In the age of social distancing, communities changed. Our common struggles might’ve united us, but communities aren’t the same when we can’t be physically present. It’s much harder for children, who require companionship in the physical form, to develop their sense of community.
Thankfully, it’s becoming much safer in America now, and schools have reopened. But the threat of COVID-19 stays. As young kids who couldn’t be vaccinated yet are most at risk, pre-K schools have adopted robust health and safety measures to reduce the risks of viral transmission on the campus. Parents can rest assured that their little ones will be in good hands. But of course, one more concern needs to be addressed: how children can develop a sense of community with social distancing in place.
What is a Sense of Community?
In Maslow’s Hierarchy of Needs, it is shown that humans should meet their psychological needs after the essentials, which are food, water, and shelter. Psychological needs refer to a sense of belonging and self-esteem, two of which communities can fulfill.
Once we’ve met all of these needs — essentials and psychological — then we can reach our full potential.
To help young kids meet their psychological needs, schools should build a community culture. And this is a process that can’t be accomplished overnight. Schools develop their community culture through careful planning and daily practice. It is only then that they will create change and maintain a positive school climate.
Just like at home, a sense of community between family members doesn’t happen instantly. It takes time and effort to create and maintain a harmonious relationship. If the parents are always absent, for example, chances are the kids wouldn’t grow up close with their parents. They’d have a stronger sense of community with their guardians.
In school, it’s the teachers and other leaders who would develop a community culture. And they can do it by setting an example. Students follow their leaders’ example, so if they don’t see harmony existing between the teachers, they’d also assume that friendships aren’t valued in the school. They could even think that their teachers are competing with one another.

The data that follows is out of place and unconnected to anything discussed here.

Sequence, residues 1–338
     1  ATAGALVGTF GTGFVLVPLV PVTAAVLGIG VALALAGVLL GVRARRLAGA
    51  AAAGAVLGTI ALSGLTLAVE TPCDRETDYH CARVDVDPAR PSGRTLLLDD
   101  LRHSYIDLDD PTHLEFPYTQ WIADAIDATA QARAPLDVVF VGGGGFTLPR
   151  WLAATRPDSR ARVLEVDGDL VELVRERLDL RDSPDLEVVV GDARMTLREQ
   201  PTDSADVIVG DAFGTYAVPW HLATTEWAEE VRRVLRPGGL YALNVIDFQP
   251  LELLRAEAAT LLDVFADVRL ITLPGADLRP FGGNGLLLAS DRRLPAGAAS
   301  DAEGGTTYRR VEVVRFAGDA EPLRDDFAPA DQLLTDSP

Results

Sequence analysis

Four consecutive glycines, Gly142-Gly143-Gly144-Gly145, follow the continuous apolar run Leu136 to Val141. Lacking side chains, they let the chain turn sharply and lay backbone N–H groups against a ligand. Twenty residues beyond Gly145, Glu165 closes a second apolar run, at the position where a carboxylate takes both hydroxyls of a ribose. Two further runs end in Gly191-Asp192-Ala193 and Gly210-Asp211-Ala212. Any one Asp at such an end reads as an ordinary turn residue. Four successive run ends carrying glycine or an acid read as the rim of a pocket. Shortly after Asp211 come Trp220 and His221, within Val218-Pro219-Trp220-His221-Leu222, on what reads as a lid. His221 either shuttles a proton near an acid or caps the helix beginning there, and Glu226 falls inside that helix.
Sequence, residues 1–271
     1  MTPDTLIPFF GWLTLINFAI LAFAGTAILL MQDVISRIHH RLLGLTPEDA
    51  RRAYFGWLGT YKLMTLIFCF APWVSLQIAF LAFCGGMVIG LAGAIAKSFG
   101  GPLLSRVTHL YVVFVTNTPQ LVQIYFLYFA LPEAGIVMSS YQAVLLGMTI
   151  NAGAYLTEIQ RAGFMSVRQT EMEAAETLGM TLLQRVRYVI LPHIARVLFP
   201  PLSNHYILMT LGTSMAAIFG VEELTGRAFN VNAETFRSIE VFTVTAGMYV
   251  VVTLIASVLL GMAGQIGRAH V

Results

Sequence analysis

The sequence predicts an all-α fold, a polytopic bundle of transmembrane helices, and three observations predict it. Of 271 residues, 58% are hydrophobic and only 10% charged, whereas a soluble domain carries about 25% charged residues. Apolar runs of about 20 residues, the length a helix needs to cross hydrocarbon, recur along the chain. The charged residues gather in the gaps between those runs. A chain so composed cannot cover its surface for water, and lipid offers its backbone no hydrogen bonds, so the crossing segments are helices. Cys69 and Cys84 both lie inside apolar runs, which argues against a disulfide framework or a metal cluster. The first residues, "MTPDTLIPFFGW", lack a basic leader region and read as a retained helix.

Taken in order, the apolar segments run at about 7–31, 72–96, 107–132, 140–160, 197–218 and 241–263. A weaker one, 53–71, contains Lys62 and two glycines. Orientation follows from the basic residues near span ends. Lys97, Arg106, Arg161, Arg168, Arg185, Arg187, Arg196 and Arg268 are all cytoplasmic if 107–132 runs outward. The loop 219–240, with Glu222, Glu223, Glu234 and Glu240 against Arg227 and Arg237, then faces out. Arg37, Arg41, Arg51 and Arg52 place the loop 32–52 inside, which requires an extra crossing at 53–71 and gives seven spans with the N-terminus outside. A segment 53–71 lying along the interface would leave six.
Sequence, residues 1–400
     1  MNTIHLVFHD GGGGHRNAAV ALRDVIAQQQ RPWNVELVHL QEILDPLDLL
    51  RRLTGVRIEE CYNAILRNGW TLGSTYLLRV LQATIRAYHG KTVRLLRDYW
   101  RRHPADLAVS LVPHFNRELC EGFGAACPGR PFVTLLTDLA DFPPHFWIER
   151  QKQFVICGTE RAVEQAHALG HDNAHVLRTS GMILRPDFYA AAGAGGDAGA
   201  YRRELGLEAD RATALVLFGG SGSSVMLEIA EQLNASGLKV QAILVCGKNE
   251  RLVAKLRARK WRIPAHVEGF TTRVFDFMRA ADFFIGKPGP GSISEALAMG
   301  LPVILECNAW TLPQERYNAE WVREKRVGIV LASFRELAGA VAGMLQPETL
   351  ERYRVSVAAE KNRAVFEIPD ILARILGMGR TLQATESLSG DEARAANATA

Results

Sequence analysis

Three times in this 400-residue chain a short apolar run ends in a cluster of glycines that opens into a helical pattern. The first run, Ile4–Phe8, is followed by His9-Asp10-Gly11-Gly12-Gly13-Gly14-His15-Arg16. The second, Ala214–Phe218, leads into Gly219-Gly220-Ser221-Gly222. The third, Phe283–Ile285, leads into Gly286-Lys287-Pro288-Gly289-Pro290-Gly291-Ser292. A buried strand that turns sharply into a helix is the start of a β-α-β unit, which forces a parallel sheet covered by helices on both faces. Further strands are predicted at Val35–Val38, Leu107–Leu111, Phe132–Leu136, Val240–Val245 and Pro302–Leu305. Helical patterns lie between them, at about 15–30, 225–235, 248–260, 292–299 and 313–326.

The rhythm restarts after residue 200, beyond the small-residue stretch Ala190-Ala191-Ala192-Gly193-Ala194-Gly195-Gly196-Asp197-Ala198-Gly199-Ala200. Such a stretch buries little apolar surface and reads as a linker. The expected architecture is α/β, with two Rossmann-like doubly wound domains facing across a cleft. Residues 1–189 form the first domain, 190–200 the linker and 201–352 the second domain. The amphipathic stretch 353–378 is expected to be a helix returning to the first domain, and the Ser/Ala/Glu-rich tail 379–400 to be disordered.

On the contrary, if teachers, principals, and other school officials demonstrate a familial bond, they can influence the students to form the same bond. There would be no hostility between classes or between seniors and juniors. Students can also be friendly with some staff members — as long as it’s within healthy boundaries — like the librarian, cleaners, and maintenance personnel.
Sense of Community in a Pandemic
One of the ways schools build communities is through group activities. They organize class trips, on-campus events, academic competitions and encourage extracurricular activities. But with today’s pandemic, group activities are limited, if not outright forbidden.
Most schools turned to virtual group activities to maintain their community culture. Teachers prepared games that required teamwork so that pupils would learn how to work together despite being apart. Activities that strengthened and built friendships were also done, allowing pupils and students to feel connected to their class even without being physically present.
Some schools even go as far as work with international organizations. They allow some of their students to participate in virtual conferences, which also invite students from all over the world. As a result, students learned to widen their perspectives and become more open-minded. And, of course, they developed a sense of community with new people.
Young kids, like prekindergartens or grade school pupils, might be too young for such wide-scale events, but they’re capable of working with new people, too. Now that they can go to school again, their teachers can bring them to another community and let them interact with its people. It could be a charitable activity, which will teach kids how to be compassionate and helpful. Or it could just be a fun school trip, where kids can meet other pupils their age and play with them. It would teach kids that coming from different communities shouldn’t divide people but create opportunities for being open-minded.
Another excellent community-building idea is participating in cleanup drives. Kids and teachers can visit public parks and pick up trash, then segregate them. This would teach children that they’re responsible for the maintenance of their communities, which includes their physical environment. And, of course, segregating trash will impart lessons on environmental matters.
The pandemic might’ve limited the ways we can foster communities, but it also opened up new opportunities to do so. It’s indeed sad that our children will grow up in the age of social distancing, but this circumstance can also teach them to build connections in more creative ways.